Israel’s election, Palestine, and Britain’s best response: Equal Rights

This article was first published on the Conservative Middle East Council website

Analysis 23 September 2019

Sir Vincent Fean KCVO

Sir Vincent Fean

Sir Vincent Fean is Chair of Trustees of the Balfour Project. Between 2010-14, Sir Vincent was British Consul-General in Jerusalem.

The election is over and the haggling has begun, as Israeli voter sensured for the second time this year that there is no clear winner. It is too soon to write off Prime Minister Bibi Netanyahu, though his main opponent Benny Gantz won more seats. Gantz talks of leading a National Unity Government (NUG) to include Likud – but exclude Bibi. Since April Avigdor Lieberman has increased his power to make or break a coalition.

Populism, racism and incitement lost – just. Incitement against the 20% of Israelis who are Palestinian led more of them to exercise their right to vote. They are the third largest grouping in the 120 strong Knesset with 13 seats. But they will not be in any NUG. The two main Jewish parties vied with each other to claim that Israel would be safer in their hands, and would grow geographically, creating Greater Israel in the West Bank and thereby annihilating the state of Palestine. 10% of Israeli voters live in illegal settlements in East Jerusalem and the West Bank. Netanyahu outbid himself in his zeal to win settler votes; in April he promised to annex West Bank settlements, and this month he promised to annex the Jordan Valley too. Not to be outdone, Gantz said that it was his idea in the first place. Such comments are an existential threat to the outcome of two states with equal rights for two peoples. They undermine the very concept of negotiations, and risk sustained conflict, with no way out. The Israeli occupation of 1967 will only end through negotiation. But what incentive is there for the Palestinians to engage in negotiations if Palestinian self-determination and a sovereign state are not on the table?

 Governments are judged by their actions, not political campaign speeches. But they need true friends to warn them and act when their foreign policy is unlawful, as it is here. Annexation of occupied Palestinian territory – any part of East Jerusalem, the West Bank and Gaza – is far from being an internal Israeli issue. It is of deep international concern, not only because it tramples on Palestinian rights, but also because it goes directly against the international rules based order. It is inadmissible to acquire territory through war. Here British values and interests converge.Our values, expressed in the Conventions we drafted and signed after WW II. Our interest, post-Brexit, in universal respect for the rule of law, which we will call upon in case of need. Nor is annexation in Israel’s long-term interest. Boris Johnson warned Netanyahu two years ago that the alternative to a two-state solution is a kind of apartheid system. True, and bravely said. But since then illegal settlements have grown and demolitions of Palestinian homes have accelerated – annexation by another name.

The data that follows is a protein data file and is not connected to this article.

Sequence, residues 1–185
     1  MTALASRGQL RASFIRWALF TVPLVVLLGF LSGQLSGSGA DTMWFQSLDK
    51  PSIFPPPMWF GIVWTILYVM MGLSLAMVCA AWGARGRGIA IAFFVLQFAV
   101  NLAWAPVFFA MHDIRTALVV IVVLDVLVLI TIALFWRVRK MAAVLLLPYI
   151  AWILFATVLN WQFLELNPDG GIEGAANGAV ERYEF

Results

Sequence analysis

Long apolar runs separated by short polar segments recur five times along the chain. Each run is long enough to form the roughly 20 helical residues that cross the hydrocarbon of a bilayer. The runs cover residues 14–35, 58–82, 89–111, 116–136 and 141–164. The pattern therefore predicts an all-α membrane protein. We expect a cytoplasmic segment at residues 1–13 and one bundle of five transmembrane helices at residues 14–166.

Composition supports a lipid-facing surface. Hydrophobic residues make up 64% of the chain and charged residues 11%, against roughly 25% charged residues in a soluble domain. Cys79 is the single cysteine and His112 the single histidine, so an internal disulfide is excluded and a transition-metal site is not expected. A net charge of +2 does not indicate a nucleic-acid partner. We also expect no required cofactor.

The big five European states – Britain, France, Germany, Italyand Spain – have warned specifically against the annexation of theJordan Valley as a serious breach of international law, and reaffirmed support for a two-state solution based on the 1967 lines as the way to a just and lasting peace. We have been talking about two states for many years. Words alone, without the prospect of action, have been ignored. There is urgency: Israel’s political leaders and voters need to know that annexation must not happen, and why. They deserve clarity about the political and legal consequences of breaking the law.

There is a blueprint for a better way forward:

“For Israel, the birth of a Palestinian state is the only way to secure its demographic future as a Jewish and democratic nation. For Palestinians, a state of their own would allow them to realise their aspirations for self-determination and self-government… There should be two independent and sovereign states: a secure Israel, the homeland for the Jewish people, standing alongside a viable and contiguous Palestinian state, the homeland for the Palestinian people, as envisaged by UN General Assembly Resolution 181. The borders should be based on the lines before June 1967… with equall and swaps… There must be security arrangements that, for Israelis,prevent the resurgence of terrorism and deal effectively with all threats…and for Palestinians, respect their sovereignty, ensure freedom of movement, and demonstrate that occupation is over. There needs to be a just, fair, agreed and realistic solution to the Palestinian refugee question, in line with UN Security Council Resolution 1515.” This plan sees Jerusalem as the shared capital of two states.

This is the PM’s vision for Middle East peace between Israel anda new Palestinian state, writing in The Telegraph as Foreign Secretary, two years ago. It remains right today. How to bring it closer to realisation? The Balfour Project, and 115 British Parliamentarians who wrote to the Prime Minister earlier this month, believe that now is the time for the British Government to recognise the state of Palestine alongside Israel – giving hope and encouragement to all on both sides of the Green Line who believe in equal rights and peaceful coexistence.

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